Constructivism in international relations : the politics of reality /

Main Author: Zehfuss, Maja.
Format: Book
Language: English
Published: Cambridge ; New York : Cambridge University Press, 2002.
Series: Cambridge studies in international relations ; 83
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Review by Choice Review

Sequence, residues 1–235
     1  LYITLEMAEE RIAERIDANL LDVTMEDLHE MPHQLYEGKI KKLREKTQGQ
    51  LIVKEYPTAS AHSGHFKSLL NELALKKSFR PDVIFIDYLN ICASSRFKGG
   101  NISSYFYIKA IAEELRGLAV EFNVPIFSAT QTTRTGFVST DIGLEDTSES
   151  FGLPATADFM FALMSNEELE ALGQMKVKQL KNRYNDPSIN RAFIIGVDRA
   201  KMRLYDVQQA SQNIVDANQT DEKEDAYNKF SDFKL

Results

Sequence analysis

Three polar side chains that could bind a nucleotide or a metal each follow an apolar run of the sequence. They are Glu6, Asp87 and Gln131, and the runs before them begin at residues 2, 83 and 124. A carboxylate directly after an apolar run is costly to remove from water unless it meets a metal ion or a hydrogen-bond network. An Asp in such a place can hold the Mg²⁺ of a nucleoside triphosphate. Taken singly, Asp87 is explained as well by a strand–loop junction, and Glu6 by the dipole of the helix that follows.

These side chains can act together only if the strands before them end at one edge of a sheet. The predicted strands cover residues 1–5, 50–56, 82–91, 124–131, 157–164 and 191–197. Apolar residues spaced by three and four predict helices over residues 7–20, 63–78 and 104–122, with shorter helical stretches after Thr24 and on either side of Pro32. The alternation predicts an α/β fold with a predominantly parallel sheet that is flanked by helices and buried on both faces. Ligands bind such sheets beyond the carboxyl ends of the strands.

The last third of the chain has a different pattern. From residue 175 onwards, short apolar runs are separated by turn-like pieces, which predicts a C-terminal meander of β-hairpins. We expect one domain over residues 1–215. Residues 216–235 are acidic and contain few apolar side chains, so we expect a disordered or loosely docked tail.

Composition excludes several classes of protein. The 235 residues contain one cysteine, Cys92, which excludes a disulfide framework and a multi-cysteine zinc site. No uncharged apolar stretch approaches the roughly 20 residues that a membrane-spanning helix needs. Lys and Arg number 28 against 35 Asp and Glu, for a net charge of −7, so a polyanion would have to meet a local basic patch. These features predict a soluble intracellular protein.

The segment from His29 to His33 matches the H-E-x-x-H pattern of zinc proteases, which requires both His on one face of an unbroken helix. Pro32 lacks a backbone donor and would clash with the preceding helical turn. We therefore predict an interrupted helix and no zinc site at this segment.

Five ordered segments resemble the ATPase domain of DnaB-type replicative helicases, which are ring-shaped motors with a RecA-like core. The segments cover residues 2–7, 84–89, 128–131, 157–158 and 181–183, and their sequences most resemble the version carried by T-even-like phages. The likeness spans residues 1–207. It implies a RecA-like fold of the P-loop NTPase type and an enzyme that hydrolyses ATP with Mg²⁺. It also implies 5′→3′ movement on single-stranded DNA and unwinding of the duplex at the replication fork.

Zehfuss (Univ. of Warwick, UK) critiques the constructivist approach to the study of international politics. Devoting a chapter to each--as well as a lengthier one on Jacques Derrida--she focuses on the work of Alexander Wendt, Friedrich Kratochwill (by far the most prolific of the constructivists), and Nicolas Onuf. Pointing out that there is no agreed definition of constructivism, Zehfuss notes that the approach is receiving a great deal of attention at academic conferences, etc., but that there is no dialogue between constructivists and those relying on traditional or rationalist approaches. To test the analytical utility of constructivism, she analyzes the political debate in Germany over the use of its military in post-Cold War conflicts through the constructivist lens. Zehfuss concludes that its utility is limited, at least in part because of the contradictions underlying the constructivist approach. Although linguistic thickets of constructivists as well as their critics make some arguments difficult to follow, this is a useful contribution to a spare store of critiques of constructivist literature. ^BSumming Up: Recommended. Graduate, research, and professional collections. R. P. Peters University of Massachusetts at Boston

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